I am having a tough time with my knife. It rusts right in my pocket. If I can ever get some oil I will keep it oiled. I am going to buy a larger knife to hang on my belt.

March 23: I suspect that we are nearly there. The whole trip has been very enjoyable and I wasn’t sick. Just between you and me there is a lot of ocean. While on the boat I have had the chance to do a lot of reading and writing letters. I am tired of both of them and plenty anxious to see land.

March 26: Here I am in New Guinea and the funny part of it is I seem to like it. Of course we have our share of mud, rain, and the heat is pretty bad. There are so many good points that I cannot kick. EDITOR’S NOTE: A note written in crayon by my mother states he is in Milne Bay New Guinea. A google search reveals that the Battle of Milne Bay, August 25-Sept 7, 1942 was the first defeat suffered by the Japanese land forces during the war in the Pacific and prevented them from establishing a base at the eastern tip of New Guinea.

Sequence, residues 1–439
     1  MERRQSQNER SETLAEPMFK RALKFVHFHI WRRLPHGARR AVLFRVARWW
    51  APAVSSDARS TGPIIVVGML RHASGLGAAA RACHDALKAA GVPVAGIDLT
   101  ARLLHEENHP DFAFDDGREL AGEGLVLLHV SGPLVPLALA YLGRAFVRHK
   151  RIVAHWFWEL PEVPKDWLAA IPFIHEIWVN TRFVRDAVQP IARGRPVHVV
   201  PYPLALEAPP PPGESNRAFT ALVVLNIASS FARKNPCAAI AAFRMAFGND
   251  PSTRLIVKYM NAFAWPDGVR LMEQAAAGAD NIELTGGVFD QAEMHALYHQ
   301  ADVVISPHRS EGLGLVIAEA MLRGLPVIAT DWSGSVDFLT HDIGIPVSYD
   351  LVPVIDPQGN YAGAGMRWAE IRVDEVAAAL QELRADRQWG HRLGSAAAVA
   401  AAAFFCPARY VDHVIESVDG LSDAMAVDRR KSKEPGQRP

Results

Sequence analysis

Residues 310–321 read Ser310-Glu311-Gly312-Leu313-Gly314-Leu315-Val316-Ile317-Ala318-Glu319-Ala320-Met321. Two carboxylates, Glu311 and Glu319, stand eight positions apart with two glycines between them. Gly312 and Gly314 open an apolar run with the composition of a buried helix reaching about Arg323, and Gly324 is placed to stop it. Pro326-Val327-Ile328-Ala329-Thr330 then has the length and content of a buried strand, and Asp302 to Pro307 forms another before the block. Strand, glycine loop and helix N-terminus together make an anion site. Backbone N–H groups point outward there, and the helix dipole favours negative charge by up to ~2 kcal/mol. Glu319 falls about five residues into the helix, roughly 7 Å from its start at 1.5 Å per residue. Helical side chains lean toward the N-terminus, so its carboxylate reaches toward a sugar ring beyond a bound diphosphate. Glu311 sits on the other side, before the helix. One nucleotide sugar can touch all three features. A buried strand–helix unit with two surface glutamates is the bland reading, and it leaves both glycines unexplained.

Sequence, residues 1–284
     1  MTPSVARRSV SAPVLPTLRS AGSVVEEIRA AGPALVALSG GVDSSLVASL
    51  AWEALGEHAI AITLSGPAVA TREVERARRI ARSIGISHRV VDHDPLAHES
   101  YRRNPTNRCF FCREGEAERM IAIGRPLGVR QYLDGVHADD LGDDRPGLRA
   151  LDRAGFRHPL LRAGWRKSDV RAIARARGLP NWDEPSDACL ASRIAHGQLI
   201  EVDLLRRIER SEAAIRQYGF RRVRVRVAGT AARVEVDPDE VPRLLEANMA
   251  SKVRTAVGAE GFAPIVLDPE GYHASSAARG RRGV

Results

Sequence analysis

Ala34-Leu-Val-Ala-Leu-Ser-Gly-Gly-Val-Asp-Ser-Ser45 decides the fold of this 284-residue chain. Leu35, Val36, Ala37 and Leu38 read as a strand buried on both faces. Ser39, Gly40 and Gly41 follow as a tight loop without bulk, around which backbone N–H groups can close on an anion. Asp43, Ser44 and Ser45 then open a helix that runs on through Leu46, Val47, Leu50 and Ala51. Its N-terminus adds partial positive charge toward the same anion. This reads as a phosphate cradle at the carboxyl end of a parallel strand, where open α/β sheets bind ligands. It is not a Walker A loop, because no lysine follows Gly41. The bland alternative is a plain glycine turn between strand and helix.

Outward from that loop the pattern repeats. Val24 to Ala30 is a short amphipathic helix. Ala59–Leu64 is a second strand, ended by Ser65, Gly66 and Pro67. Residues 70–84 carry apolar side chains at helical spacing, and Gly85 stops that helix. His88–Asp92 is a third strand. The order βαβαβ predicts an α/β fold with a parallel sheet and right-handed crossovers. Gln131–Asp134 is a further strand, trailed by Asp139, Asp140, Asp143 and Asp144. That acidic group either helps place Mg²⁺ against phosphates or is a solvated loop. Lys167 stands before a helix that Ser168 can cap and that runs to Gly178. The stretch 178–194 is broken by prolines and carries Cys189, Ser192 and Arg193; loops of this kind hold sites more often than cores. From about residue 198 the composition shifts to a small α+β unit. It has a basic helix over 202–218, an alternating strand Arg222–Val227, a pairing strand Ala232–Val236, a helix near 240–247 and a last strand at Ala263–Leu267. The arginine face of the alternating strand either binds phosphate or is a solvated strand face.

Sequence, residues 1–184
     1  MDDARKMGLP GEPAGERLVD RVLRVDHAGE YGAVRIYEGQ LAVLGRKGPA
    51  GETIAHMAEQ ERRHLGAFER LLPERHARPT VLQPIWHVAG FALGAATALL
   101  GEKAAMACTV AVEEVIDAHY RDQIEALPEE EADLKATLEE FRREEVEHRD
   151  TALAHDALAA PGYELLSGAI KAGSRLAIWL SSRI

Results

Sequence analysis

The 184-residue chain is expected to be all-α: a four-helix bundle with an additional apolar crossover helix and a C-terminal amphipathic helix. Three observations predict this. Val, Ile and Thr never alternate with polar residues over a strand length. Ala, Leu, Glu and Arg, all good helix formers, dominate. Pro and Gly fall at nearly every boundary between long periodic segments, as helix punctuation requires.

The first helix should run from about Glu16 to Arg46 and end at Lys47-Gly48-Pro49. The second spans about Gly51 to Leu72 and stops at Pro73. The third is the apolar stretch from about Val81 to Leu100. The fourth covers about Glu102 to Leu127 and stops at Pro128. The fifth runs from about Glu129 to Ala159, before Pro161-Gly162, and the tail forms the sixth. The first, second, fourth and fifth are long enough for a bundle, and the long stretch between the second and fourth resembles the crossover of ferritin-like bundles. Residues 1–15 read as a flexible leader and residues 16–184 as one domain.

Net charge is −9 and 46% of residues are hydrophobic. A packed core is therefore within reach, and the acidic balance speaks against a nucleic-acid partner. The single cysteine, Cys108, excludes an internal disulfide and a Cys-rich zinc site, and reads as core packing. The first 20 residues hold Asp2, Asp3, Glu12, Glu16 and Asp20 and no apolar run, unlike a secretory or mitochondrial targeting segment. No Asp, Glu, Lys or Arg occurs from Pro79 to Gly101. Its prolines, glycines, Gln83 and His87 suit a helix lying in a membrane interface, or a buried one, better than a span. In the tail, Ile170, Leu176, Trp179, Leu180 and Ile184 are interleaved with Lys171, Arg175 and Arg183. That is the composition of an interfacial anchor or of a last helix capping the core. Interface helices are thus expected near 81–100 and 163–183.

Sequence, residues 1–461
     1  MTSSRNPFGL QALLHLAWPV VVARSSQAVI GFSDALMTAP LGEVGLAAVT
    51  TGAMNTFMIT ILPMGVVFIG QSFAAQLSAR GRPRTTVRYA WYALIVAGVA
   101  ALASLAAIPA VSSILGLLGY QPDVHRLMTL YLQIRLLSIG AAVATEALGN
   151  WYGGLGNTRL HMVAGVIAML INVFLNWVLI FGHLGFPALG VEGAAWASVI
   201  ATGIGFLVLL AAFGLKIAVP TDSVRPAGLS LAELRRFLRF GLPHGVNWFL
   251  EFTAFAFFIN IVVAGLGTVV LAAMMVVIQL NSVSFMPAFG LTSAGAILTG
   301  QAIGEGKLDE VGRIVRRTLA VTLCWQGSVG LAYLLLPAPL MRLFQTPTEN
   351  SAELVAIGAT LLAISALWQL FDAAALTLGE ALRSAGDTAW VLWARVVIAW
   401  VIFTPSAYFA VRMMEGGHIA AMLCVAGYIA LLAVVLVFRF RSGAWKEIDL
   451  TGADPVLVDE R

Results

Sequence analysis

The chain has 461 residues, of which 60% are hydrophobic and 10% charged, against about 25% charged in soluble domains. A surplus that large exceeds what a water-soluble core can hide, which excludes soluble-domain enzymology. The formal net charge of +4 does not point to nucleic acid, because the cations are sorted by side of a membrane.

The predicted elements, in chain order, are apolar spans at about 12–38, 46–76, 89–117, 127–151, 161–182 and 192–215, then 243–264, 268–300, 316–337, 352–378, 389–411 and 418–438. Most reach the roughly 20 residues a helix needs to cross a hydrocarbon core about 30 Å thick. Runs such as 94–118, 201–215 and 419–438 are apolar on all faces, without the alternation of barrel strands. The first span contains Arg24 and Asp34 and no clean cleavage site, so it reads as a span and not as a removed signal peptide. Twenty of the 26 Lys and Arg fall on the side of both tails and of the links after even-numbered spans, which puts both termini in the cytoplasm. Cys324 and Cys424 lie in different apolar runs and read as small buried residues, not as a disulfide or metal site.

The swimming alone is worth the trip over. The weather is smooth and clear and best of all it is warm. I am going to try to do more of it that I have done in the past. I have not been in the jungle yet. It’s all around and they tell me that there are pineapples and bananas back there. It looks pretty dense and for the time being I will stick to the coconuts that are much easier to get. In fact I have had the milk from two of them.

I have seen a few native men. They sure don’t go in for clothing. We are not allowed to touch the women and I for one wouldn’t want to. I am going to try to have my picture taken standing beside one and send it to your dad. The less clothes she has on the better picture it will be. EDITOR’S NOTE: The “dad”  being referred to was my grandfather the Rev. P.Ray Norton, Methodist minister. My grandfather would have gotten a chuckle out of such a picture but my grandmother would have had the opposite reaction.

I have no doubts in my mind about what is ahead. It will be tough going, but it will be just as tough for you. We will both get lonesome, but I think both of us can take it.